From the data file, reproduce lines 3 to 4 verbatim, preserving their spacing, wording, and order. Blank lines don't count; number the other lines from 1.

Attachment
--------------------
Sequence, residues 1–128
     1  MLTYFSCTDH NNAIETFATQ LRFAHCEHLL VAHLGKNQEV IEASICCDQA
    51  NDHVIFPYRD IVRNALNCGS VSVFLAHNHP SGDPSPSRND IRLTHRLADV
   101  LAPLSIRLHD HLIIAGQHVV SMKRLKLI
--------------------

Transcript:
    51  NDHVIFPYRD IVRNALNCGS VSVFLAHNHP SGDPSPSRND IRLTHRLADV
   101  LAPLSIRLHD HLIIAGQHVV SMKRLKLI